Jonathan Roldan – BAJA BEAT

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Thursday, July 20, 2017
Dining in the dark
Thursday, September 14, 2017
Woulda — Coulda — Shoulda

So close, so far?
There’s an old saying that goes something like:

“If you believe something will work, chances are it will. If you don’t believe in it, it probably won’t work.”

THIS MIGHT BE your first visit or your 20th visit. You might have fished all over the world. You really think you know more about fishing these water than these guys who have fished in one spot their whole lives for several generations?

I have often believed that when it comes to “local knowledge,” there’s nothing like it.

It’s home court advantage.

It’s the dealer’s table.

Home team’s locker room.

It’s the golf pro’s home course.

It’s being on a first-name basis with the owner of the butcher shop.

It’s the difference in having “an edge,” whether real or imagined. Sometimes being “imagined” is all it takes.

Like having your favorite baseball hat, or the pink-striped neck-tie.

Or tying your shoes a certain way before the bowling league.

Or that raggedy-A fishing t-shirt that your family wants you to destroy.

You know it works and you could care less whether anyone believes you.

It’s like that down here where we live in La Paz.

We own and run two fleets of pangas. Technically, they fish the same waters… the Sea of Cortez. In fact, their areas of operation often overlap. One works more north of the city. The other works more south of the city.

There’s a ven-diagram patch-of-water, however, that is common to both.

Use the same boats. Fish for the same fish. Dorado, tuna, billfish, wahoo, etc… your typical Baja sportfishing fare.

Heck, many of my captains in one fleet are related by blood or marriage to the captains in the other fleet.

However, I have always found it amusing that each fleet claims the other fleet “doesn’t know how to fish!” Or how their uncle, cousin, brother-in-law in the other fleet “fishes like an idiot.”

It’s always said with a roll of the eyes or a grin, but the words carry sincerity. Strangely, they do fish differently.

Same waters. Same fish.

One believes in only using feathers to troll. The other fleet would rather drag Rapalas behind the boat.

One believes in heavily chumming the waters. The other thinks that’s overdoing it. The fish will get full. They will lose interest. Only one or two pieces of chum in the water at a time, please.

One fleet readily uses circle hooks. The other thinks clients lose too many fish with circle hooks.

One likes to troll with the lure way, way, way back in the wake at a high speed. The other insists lures should only be fished slowly close to the boat.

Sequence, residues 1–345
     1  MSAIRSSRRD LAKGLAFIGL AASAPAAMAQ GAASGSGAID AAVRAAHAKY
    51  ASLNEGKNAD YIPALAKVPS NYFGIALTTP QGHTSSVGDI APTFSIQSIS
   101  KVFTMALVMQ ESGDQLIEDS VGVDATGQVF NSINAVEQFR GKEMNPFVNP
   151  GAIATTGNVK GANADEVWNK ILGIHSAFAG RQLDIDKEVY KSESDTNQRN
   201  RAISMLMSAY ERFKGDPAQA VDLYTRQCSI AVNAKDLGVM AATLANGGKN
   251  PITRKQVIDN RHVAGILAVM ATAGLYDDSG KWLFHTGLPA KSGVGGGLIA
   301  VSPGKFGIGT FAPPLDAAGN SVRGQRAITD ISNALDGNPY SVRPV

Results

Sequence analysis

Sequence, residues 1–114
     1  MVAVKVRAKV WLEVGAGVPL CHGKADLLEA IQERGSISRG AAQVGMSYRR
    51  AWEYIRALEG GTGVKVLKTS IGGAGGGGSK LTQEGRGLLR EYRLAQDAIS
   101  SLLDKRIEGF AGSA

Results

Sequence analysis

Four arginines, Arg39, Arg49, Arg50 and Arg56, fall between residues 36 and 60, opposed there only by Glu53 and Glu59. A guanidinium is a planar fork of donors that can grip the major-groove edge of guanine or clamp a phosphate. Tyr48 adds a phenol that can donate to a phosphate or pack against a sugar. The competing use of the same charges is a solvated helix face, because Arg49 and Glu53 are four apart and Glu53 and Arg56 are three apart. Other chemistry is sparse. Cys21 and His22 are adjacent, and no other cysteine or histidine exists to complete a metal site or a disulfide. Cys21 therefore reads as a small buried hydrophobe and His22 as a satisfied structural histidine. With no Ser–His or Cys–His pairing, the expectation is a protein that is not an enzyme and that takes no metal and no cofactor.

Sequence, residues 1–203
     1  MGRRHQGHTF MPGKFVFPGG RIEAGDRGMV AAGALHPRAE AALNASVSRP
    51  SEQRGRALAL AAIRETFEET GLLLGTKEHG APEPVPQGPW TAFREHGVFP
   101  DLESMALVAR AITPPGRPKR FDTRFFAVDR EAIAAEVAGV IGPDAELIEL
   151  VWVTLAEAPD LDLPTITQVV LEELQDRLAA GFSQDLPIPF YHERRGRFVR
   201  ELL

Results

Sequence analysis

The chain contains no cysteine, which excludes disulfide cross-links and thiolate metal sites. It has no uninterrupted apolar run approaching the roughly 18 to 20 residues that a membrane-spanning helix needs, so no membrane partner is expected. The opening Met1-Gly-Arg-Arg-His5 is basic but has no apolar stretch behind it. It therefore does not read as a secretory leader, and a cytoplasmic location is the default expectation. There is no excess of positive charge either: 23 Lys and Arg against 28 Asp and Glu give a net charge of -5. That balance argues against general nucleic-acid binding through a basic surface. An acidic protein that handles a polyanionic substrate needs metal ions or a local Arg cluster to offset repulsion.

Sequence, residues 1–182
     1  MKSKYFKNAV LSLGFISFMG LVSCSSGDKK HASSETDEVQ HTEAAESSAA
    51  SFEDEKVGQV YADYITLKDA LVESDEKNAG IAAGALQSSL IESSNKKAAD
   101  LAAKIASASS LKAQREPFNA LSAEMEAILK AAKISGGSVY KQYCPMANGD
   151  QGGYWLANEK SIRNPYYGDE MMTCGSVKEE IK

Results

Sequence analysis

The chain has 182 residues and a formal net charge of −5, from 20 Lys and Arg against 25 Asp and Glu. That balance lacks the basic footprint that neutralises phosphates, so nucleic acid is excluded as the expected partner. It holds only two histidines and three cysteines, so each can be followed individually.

One fleet considers fluorocarbon to be golden. To the other fleet… meh, pretty much indifferent. Fluorocarbon is expensive in Mexico and a waste of money.

One fleet catches bait one piece at a time with a single hook. The other prefers Lucky Joe’s and Sabiki rigs to catch several at once.

You get the idea.

And my comment about “home court advantage” and “feeling lucky?”

Many of my captains have worked for us almost two decades, so I’ve fished with all of them. They will certainly suggest you fish their way, but if you want to try something different, go ahead. They’ll grudgingly tell you it’s okay.

After all, you’re the boss. The client is always right.

You want to use some of those techniques that the other fleet uses? Go ahead. Oh, you fished a lot in Loreto or the East Cape and want to fish the way they fish? Sure thing.

Oh wait, you’re an “expert” fisherman and you’ve fished all over the world and read all the books about Baja and you want to throw lures all day? Be my guest.

The captains are very accommodating. They know who butters their bread.

But, at the end of the day, nine times out of ten, the clients who fished the way the captains suggested end up doing better. The ones who realized during the day that other boats are catching fish and make the switch to let the captain do his thing, do better.

If you want to fish, there are lots of different ways to fish. If you want to catch fish, how­ever, there’s nothing like local knowledge.

It might not make sense at first why one method works better than another. The captains in a certain area have probably fished that area all their lives and for generations at that. They have fished no other areas. Send them 100 miles away to Cabo San Lucas, and a lot of them might be lost. I’ve seen Cabo captains come up here and fall flat on their faces as well.

A certain technique works because the locals believe it works, whether it’s logical or not. I put my fishing day in the hands of the local. I listen to what he says. And I will NOT throw away my lucky t-shirt either!

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